H1N1 is the predominant viral strain circulating in Canada. It's part of the normal flu season, said Dr. Gregory Taylor, deputy public health officer at the Public Health Agency of Canada. But higher-than-usual anxiety about the flu this season is driving up demand.
"I think when people hear [H1N1] that makes people upset and excited and probably fearful because they equate that with the H1N1 pandemic," Taylor said in an interview Friday.
Saskatchewan and the Northwest Territories announced they will ration seasonal flu vaccine to those at high risk.
"We've been able to secure an additional 245,800 doses of vaccine," said Taylor. "So all that will be allocated out in the next week or so."
The agency does not distribute vaccine or decide how much provinces and territories purchase. The doses are purchased by Ottawa and the provinces and territories then place orders.
Saskatchewan's priority groups are children under five years old, pregnant women and women who are in the four-week postpartum period after delivering.
"Unfortunately, because the global supply of vaccine is limited, we now have to change our approach," said Denise Werker, Saskatchewan's deputy chief medical health officer.
Similarly, in the Northwest Territories, the health department said it is now only offering the flu vaccine to high-risk individuals, with priority given to expectant mothers and children under the age of five.
If provinces and territories underestimate the amount of vaccine needed, PHAC said it will will support them by:- Seeking additional supply from manufacturers.
- Co-ordinating exchanges between provinces.
- Co-ordinating bulk contracting with Public Works and Government Services Canada to reduce costs.
Alberta's government is still considering buying the flu vaccine from pharmacies that are selling their own supply, but says the amount available is limited.
A national committee that reports to the federal government called the Vaccine Supply Working Group makes recommendations about how reserve stocks of flu vaccine should be distributed, said Alberta Health Minister Fred Horne.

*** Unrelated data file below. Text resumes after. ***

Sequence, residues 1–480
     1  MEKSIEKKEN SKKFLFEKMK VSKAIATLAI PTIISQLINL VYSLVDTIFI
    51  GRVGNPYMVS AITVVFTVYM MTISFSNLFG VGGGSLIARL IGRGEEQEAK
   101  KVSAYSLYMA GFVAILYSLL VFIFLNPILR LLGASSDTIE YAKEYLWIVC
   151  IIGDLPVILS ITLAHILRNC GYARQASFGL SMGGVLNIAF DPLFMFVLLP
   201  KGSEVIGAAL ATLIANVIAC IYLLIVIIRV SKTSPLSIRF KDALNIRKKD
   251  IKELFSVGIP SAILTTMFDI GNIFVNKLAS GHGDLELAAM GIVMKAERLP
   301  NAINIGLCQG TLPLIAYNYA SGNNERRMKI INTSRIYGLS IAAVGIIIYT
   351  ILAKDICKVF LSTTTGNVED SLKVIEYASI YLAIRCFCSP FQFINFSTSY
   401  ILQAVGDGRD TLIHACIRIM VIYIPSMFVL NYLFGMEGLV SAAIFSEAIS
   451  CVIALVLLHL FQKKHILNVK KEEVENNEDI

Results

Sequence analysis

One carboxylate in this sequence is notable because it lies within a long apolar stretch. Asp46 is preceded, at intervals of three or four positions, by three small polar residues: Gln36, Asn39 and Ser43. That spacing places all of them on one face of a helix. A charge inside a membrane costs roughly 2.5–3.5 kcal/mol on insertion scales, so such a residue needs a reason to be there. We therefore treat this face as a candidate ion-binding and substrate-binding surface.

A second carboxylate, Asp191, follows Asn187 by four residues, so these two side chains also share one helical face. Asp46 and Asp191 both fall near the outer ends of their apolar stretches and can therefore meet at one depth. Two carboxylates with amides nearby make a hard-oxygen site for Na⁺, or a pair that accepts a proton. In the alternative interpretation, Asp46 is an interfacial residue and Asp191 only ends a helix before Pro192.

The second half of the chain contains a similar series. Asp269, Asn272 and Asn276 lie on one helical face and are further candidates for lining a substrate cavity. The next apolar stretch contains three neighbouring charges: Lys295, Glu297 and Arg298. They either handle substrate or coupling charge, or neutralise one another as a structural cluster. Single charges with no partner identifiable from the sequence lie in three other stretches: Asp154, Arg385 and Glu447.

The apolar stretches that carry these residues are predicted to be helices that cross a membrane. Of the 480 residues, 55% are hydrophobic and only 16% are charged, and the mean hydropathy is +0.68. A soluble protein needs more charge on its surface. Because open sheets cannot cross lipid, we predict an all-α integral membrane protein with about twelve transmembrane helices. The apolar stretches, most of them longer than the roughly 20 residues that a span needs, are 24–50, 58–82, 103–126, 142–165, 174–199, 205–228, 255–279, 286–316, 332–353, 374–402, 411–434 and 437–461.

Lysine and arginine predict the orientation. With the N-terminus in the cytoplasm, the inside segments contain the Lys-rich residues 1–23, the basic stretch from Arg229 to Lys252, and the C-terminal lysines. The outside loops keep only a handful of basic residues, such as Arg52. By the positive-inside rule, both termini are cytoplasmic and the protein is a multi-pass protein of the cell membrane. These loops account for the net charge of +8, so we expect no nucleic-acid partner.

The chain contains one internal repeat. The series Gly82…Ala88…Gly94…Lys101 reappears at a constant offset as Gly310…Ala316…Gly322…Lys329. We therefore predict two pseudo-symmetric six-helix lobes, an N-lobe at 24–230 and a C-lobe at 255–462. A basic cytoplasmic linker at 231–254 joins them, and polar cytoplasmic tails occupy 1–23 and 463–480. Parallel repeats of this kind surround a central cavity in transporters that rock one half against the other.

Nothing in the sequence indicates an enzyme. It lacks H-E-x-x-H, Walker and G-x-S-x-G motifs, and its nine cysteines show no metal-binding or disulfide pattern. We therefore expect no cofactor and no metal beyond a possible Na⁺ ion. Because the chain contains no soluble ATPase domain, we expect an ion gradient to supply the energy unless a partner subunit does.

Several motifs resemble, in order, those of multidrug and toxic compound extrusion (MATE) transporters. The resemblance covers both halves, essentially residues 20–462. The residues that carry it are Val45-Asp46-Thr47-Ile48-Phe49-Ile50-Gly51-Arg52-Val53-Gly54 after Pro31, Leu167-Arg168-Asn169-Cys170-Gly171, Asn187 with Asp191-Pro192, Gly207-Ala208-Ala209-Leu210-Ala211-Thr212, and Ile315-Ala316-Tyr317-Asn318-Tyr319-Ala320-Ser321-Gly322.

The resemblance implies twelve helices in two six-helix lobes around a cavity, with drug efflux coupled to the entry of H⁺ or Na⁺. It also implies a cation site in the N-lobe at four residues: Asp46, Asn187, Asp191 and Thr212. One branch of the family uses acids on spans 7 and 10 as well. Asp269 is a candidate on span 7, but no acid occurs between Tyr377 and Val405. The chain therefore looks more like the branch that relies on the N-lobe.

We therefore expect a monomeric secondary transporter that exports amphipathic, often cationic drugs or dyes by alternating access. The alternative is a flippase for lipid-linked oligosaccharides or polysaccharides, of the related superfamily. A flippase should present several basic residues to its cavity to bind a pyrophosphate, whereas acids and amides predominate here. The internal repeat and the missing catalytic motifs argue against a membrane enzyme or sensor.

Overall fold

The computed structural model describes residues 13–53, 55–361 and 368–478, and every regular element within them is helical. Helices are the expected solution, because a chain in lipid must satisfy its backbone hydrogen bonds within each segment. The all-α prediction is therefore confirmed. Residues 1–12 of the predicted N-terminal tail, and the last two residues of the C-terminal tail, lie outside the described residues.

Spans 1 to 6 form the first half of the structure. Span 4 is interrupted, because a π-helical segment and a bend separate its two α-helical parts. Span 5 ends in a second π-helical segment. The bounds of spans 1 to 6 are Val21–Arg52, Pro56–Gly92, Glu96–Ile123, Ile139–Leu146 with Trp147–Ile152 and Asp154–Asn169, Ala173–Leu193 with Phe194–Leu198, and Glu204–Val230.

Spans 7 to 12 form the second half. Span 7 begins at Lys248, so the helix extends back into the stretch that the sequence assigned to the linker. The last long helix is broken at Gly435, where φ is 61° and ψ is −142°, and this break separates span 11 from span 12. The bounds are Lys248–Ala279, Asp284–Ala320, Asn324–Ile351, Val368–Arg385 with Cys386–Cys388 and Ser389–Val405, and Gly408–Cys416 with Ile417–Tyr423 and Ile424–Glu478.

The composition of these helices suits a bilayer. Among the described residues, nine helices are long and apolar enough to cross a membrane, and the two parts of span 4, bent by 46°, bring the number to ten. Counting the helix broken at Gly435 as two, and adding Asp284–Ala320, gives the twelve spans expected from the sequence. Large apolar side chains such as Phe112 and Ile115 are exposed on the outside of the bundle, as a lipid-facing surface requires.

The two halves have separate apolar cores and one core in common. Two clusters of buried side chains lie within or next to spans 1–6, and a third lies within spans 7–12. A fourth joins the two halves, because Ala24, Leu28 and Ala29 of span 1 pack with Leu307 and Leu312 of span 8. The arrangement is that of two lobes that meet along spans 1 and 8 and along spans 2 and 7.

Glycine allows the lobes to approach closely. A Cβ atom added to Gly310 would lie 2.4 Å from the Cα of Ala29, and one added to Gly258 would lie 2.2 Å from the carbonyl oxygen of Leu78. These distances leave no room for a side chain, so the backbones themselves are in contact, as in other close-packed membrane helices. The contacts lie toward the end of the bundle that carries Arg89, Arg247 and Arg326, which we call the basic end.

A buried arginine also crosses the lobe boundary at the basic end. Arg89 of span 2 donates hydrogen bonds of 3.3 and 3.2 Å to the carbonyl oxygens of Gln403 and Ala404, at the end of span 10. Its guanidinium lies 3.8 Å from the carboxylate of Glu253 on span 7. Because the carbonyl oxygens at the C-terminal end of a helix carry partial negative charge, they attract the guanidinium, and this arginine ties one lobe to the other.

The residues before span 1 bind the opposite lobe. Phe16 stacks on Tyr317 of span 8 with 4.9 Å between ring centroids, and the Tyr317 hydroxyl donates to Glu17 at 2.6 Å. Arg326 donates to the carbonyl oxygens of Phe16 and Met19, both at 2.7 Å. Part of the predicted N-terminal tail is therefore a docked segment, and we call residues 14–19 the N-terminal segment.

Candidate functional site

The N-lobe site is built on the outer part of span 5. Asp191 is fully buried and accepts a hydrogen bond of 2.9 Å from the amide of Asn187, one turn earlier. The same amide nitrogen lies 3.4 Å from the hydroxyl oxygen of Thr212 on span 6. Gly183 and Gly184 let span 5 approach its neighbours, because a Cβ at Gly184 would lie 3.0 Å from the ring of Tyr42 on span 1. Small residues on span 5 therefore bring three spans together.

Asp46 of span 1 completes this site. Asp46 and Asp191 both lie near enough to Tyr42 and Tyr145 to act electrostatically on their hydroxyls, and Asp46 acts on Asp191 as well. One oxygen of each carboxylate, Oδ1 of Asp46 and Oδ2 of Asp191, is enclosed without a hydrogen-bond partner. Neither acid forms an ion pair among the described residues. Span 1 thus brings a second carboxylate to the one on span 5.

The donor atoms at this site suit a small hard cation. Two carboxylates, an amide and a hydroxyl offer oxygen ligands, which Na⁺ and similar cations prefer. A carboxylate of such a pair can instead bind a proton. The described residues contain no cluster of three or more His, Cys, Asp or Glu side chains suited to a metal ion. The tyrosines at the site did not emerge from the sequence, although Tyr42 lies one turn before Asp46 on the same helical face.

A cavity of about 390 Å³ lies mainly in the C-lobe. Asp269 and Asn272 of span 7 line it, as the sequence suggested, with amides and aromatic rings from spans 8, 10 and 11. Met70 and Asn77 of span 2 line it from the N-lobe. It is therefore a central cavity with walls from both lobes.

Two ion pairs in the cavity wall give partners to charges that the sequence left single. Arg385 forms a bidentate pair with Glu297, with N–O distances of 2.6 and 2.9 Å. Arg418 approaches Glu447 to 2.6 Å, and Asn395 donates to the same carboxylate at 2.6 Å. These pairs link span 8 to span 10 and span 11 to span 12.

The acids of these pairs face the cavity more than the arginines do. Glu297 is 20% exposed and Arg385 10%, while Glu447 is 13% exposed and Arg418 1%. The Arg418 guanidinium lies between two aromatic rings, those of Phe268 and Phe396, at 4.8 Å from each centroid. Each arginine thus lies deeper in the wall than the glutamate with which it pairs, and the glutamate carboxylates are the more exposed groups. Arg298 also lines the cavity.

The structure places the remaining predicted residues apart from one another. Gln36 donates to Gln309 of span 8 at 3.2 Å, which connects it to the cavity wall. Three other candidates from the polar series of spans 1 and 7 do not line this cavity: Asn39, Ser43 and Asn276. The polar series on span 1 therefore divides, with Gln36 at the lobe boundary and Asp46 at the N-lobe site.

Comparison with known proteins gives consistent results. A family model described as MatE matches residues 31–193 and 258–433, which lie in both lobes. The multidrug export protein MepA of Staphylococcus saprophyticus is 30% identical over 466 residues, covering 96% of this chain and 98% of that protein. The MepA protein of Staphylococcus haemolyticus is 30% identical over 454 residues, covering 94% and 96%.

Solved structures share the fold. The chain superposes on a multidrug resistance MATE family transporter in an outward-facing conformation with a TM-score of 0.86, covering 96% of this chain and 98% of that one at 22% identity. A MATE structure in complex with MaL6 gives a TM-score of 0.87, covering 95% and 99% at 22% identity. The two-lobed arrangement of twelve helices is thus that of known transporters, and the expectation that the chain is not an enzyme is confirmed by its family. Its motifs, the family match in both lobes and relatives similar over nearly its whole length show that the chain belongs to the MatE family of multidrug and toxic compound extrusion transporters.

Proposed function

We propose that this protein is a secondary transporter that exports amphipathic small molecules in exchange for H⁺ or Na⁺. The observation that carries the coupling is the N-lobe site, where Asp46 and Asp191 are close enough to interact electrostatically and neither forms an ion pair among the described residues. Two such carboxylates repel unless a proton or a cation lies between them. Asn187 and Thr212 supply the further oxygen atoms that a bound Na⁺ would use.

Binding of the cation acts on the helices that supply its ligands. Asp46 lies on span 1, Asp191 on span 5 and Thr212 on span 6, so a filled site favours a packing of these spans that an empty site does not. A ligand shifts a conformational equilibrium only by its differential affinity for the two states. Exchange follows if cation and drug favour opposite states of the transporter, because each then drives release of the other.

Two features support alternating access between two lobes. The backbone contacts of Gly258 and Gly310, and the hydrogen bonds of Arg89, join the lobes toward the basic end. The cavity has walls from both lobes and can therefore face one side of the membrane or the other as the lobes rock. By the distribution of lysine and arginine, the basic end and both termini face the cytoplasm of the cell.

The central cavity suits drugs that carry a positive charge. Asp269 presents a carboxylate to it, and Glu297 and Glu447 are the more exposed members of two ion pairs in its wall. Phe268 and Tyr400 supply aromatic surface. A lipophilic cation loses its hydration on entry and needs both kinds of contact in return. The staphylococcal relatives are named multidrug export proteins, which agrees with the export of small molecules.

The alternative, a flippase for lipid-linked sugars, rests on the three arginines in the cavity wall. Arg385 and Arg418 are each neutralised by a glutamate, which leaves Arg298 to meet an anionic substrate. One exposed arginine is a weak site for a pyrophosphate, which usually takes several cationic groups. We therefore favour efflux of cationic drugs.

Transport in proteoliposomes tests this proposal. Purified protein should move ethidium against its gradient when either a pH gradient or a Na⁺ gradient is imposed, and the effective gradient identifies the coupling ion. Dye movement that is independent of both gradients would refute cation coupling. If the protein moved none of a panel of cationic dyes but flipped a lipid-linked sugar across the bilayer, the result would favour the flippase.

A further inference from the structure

As of Friday, Public Works and Government Services Canada said it's procured nearly 10,796,000 doses of seasonal influenza vaccine. The doses have been provided under contracts with GlaxoSmithKline, Sanofi-Pasteur, Novartis and AstraZenaca, a spokesman said.
A spokesperson for Shoppers Drug Mart said flu vaccine supplies are in good shape in Ontario, but are running into trouble in Nova Scotia. Availability is also low in New Brunswick and British Columbia. While most of the company's supplies come from public health agencies, some is also privately procured.
Vaccine maker Novartis Pharmaceutical Canada said it's fulfilled its contractual obligations for flu vaccine.
"To date, Novartis has supplied an additional 100,000 doses to the provinces and is currently working with its global supply network to source more additional doses for the Canadian population," Andrea Gilpin, director of corporate communications at Novartis Canada said.
Gipin added that flu vaccine manufacturing for the Northern Hemisphere is now closed.
Friday's FluWatch report showed widespread flu activity in parts of Alberta during last week.
In the U.S., most states are approaching peak levels for moderately severe flu seasons.
"We are hearing of spot shortages. Given the time in our flu season, it isn't surprising. People who haven't been vaccinated and want to get the vaccine may have to look in several places for it," CDC spokesman Tom Skinner said on Thursday.
It is not unusual to run out mid-season during a moderate to severe season, which is what this year is shaping up to be, Skinner said.